How Supplemental Insurance Complements Health Sharing Ministries

Health sharing ministries, a non-insurance option for individuals and families seeking to lower their medical bills and get the prayer support from members who are part of a community, have gained immense popularity since the Affordable Care Act went into effect.

Yet there is some give and take when volunteering to forego traditional health insurance. Individuals and families who opt-out of insurance plans health sharing ministries understand that while many medical bills can be covered or “shared” among community members, certain bills will not be paid for when specific instances occur. So why should a family that doesn’t carry traditional health insurance coverage add supplemental health insurance to fit within their financial portfolio?

The reason is simple – no one can predict the future. Like life insurance, supplemental health insurance is protection for the unknown.

Supplemental Health Insurance Helps Pay For The Unexpected

Example: Some health sharing ministries ask members to stay within a specific network of doctors in order to keep costs contained and medical bills affordable. However, if you suffer an accident and are taken to a hospital that is outside of the health sharing ministry’s network, you could be responsible for the amount a health sharing ministry won’t cover because you are out-of-network. That’s when supplemental health insurance can help.

Supplemental insurance, which is also known as accident insurance or critical illness insurance, is a cash benefit that can help pay for medical bills that you are responsible for out-of-pocket, or the money can be used for other expenses like the mortgage or child care. Bundled accident and critical illness plans that are offered through HealthValues take the guesswork out of what kind of plan to purchase and cover both accidents and critical illnesses.

Situations Where Supplemental Health Insurance Can Pay The Bills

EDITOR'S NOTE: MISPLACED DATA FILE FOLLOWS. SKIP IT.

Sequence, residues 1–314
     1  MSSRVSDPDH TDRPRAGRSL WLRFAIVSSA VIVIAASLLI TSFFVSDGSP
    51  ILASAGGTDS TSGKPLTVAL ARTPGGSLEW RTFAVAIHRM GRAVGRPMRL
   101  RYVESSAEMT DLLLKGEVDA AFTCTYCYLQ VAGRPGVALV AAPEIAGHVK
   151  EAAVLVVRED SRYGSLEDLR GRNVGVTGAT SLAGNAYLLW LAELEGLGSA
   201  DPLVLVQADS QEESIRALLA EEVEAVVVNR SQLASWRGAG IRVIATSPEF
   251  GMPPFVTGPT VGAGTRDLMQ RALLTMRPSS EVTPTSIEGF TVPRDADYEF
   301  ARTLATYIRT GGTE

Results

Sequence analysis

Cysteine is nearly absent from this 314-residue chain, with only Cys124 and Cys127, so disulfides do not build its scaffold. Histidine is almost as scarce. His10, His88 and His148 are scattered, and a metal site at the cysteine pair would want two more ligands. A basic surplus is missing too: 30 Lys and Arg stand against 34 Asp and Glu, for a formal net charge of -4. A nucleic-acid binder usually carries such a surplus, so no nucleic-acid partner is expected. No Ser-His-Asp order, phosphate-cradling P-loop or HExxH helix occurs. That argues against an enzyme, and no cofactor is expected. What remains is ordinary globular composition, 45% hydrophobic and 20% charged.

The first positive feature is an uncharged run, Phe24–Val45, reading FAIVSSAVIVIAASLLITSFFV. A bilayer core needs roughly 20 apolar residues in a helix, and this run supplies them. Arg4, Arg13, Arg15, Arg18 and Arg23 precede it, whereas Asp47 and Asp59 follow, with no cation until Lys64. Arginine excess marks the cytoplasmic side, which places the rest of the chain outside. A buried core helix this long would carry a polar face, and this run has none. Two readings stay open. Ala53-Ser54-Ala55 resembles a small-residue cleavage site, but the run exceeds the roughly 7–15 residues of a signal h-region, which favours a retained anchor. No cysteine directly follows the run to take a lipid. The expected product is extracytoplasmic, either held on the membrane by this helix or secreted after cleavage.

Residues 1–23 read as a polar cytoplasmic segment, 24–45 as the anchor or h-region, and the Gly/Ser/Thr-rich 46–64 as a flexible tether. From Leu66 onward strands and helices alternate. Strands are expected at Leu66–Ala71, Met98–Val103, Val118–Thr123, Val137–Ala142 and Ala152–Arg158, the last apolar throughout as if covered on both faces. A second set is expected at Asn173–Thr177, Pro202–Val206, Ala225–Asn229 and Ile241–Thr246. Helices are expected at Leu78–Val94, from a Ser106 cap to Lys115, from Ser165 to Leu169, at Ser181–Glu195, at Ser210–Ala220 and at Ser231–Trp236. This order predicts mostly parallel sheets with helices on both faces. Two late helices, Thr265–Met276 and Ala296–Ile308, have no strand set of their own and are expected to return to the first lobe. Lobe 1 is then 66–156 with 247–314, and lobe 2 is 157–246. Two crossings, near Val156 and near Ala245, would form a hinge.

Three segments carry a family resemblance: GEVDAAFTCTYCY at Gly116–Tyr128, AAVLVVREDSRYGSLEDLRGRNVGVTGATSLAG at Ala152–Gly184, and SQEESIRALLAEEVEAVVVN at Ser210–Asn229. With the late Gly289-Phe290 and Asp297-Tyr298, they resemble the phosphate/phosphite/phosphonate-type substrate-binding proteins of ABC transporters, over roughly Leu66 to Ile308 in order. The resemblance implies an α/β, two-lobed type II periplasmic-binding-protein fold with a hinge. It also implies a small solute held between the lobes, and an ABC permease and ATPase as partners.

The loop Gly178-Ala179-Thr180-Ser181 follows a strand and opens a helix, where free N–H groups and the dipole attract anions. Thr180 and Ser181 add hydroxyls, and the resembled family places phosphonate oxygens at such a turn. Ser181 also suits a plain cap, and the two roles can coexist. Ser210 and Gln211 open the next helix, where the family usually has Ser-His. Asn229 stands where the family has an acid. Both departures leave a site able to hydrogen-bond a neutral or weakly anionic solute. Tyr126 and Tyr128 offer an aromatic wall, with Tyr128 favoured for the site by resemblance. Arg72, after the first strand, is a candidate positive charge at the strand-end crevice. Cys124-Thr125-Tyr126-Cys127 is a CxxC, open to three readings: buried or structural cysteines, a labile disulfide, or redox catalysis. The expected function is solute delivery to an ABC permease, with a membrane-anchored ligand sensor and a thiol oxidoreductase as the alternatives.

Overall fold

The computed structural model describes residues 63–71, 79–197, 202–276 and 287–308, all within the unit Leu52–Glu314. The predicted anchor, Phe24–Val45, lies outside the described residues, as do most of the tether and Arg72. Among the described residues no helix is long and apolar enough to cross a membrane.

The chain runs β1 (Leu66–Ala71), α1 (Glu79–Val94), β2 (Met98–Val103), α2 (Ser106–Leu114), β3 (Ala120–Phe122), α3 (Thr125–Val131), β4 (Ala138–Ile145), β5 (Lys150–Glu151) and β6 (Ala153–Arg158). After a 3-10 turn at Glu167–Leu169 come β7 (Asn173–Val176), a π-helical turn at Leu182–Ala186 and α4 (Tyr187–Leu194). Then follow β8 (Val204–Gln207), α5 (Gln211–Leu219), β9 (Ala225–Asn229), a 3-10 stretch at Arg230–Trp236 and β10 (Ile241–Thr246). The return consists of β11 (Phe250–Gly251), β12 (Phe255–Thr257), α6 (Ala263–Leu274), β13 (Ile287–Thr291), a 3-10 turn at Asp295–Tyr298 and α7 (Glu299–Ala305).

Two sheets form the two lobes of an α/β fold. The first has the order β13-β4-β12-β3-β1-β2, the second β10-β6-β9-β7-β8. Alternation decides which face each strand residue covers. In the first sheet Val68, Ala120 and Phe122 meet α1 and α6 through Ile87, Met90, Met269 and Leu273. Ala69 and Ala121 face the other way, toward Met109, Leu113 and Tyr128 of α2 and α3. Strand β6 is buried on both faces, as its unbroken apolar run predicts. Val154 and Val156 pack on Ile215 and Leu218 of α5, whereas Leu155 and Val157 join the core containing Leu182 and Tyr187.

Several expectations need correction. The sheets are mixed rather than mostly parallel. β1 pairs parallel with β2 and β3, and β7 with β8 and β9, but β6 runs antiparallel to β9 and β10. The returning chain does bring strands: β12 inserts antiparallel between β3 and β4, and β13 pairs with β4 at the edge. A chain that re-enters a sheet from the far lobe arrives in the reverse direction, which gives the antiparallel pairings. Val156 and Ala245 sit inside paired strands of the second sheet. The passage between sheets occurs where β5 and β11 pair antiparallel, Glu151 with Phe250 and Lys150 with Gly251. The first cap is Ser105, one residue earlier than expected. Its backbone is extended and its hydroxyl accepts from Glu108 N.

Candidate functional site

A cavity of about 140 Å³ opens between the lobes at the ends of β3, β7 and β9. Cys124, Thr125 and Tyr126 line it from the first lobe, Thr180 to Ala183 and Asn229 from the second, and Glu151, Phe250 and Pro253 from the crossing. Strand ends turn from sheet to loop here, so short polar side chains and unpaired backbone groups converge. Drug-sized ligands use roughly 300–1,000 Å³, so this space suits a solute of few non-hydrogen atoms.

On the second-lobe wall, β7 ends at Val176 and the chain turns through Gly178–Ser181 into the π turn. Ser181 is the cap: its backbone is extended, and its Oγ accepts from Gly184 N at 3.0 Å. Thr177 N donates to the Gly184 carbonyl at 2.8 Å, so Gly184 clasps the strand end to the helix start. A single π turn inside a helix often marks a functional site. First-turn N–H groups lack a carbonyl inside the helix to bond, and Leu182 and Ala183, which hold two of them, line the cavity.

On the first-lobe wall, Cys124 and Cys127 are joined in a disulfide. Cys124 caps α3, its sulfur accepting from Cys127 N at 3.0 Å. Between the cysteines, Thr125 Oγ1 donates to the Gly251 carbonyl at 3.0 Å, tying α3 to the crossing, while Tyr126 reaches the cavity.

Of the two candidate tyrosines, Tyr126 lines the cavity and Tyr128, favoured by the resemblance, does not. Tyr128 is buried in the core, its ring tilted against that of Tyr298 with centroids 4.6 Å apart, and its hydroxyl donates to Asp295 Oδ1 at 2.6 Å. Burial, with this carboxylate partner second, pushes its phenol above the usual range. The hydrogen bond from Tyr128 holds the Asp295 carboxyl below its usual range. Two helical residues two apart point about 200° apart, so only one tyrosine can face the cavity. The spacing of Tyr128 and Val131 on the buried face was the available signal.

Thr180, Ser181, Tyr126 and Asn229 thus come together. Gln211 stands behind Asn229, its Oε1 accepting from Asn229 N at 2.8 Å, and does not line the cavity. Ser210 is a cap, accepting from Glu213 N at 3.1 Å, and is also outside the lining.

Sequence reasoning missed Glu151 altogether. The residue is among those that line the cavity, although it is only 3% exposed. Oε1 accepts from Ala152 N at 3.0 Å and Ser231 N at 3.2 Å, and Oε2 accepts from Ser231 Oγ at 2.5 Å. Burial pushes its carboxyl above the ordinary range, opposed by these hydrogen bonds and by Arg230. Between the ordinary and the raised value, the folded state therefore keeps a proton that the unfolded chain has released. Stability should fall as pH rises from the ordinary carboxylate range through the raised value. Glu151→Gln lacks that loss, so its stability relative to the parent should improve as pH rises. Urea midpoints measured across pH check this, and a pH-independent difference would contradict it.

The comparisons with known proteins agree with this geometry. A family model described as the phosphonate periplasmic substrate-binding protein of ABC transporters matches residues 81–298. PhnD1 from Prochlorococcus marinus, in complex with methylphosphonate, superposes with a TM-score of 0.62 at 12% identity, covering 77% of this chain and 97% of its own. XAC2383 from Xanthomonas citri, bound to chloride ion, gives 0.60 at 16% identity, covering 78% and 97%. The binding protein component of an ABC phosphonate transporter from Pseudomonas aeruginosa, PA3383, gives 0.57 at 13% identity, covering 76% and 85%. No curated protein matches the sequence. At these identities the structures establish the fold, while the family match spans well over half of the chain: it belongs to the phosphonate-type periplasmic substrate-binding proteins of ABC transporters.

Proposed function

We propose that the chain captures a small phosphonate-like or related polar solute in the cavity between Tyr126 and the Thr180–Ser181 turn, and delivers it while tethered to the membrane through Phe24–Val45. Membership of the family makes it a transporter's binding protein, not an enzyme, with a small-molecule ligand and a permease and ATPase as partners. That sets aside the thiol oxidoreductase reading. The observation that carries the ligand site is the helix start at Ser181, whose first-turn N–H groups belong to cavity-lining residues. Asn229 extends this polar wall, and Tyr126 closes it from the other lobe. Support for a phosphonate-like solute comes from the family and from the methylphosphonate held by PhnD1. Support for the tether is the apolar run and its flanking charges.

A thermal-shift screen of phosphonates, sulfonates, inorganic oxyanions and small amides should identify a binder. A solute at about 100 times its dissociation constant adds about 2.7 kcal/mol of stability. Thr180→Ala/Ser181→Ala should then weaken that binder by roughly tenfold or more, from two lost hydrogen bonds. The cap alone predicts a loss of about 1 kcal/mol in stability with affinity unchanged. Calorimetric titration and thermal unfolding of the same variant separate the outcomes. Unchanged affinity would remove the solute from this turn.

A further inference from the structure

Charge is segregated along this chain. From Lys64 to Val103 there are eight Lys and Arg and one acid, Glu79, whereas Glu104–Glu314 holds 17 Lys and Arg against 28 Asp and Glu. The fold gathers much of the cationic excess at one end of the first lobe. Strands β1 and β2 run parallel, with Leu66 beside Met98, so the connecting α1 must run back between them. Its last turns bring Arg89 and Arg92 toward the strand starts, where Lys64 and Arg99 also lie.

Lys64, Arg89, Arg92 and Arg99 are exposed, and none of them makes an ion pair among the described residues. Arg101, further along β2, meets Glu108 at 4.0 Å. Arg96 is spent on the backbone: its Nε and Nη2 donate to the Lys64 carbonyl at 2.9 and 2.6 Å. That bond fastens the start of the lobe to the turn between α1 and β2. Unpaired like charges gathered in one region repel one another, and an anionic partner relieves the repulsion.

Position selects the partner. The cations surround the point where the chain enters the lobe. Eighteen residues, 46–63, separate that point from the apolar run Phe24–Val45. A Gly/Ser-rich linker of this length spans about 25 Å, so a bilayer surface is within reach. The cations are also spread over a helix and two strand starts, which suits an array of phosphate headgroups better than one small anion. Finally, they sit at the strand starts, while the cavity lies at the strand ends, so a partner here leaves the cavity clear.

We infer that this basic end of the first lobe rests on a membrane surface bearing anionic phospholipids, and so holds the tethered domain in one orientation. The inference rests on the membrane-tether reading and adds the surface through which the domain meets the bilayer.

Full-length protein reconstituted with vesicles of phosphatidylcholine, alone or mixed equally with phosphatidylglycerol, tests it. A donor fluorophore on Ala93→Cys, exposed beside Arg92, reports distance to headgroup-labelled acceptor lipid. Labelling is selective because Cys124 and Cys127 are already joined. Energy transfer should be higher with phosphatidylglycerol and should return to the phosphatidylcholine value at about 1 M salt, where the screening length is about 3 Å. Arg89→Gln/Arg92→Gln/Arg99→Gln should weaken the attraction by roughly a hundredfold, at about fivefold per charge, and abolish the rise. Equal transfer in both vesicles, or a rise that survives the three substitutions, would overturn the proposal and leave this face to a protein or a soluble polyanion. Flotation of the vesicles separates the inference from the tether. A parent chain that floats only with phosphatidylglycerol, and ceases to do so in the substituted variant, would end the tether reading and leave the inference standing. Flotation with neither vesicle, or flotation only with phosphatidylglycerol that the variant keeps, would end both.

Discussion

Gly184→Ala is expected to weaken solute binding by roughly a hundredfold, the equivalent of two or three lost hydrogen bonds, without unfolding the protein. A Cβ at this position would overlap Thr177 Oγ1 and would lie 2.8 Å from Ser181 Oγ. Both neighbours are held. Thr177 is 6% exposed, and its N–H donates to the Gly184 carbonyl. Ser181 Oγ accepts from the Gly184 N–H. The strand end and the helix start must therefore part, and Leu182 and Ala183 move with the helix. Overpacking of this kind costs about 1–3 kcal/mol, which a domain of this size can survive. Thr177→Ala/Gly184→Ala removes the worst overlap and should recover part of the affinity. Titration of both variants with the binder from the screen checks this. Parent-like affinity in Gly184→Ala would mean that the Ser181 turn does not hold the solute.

• Out-of-network treatment that a health sharing ministry doesn’t cover beyond the reasonable and customary charges.
  • A variety of unintentional accidents, like sprains and breaks caused by a slip and fall, cause 21 million medical visits each year. And more than 3.4 million children experience an accident in their own household every year.
  • Heart attacks, which strike approximately 735,000 men and women every year.
  • Burn injuries that account for nearly 500,00 medical treatments every year.
  • Stroke: Nearly 800,000 men and women have a stroke each year, and it is the leading cause of long-term disability.
  • Life-threatening cancers: Approximately 68% of individuals with cancer survive more than five years. Lung cancer, as an example, only has a 16% survival rate and is as prevalent today as it was in the 1970s.
  • Diabetes, which is the number of cause of kidney failure, sends 44% of individuals into kidney failure. Kidney failure can also be caused by high blood pressure.
  • Organ Transplant: A name is added to the national transplant list every 10 minutes for a major organ transplant.
  • Paralysis can occur from not only accidents but disease. Stroke and multiple sclerosis are just two conditions that can cause paralysis. Today approximately 5.4 million people suffer from some level of paralysis.
  • Supplemental insurance also helps when an annual household portion has yet to be met, and extra cash is needed to pay medical bills.

How Health Sharing Ministries Work

Health sharing ministries are comprised of a group of people that have agreed to “share” each other’s medical bills. With most programs, your monthly portion pays for someone else’s medical expenses. If you incur a medical bill, you receive a check that comes from someone else’s monthly share.

In 2016 the Alliance of Health Care Sharing Ministries reported that memberships had more than doubled since health care reform became law. These ministries have been in existence for more than 20 years but have recently grown in popularity because of a special clause under the Affordable Care Act.

The Affordable Care Act mandates that all Americans must purchase their own health insurance if it is not offered through their employer, and if they do not, they must pay a penalty of $695 per person or 2.5% of their household income at tax time. However, certain organizations receive exemptions from this rule. Exemptions are based on certain financial hardships, some life events, and membership in some groups like health sharing ministries, which are a qualifying organization.

One reason health sharing ministries have become more attractive to consumers is that they are traditionally less expensive than major medical health insurance plans in the marketplace, especially for families with multiple children. As health care pricing continues to rise and the responsibility of medical debt falls more and more on the consumer, it will be interesting to see if the popularity of health sharing ministries continues to build momentum.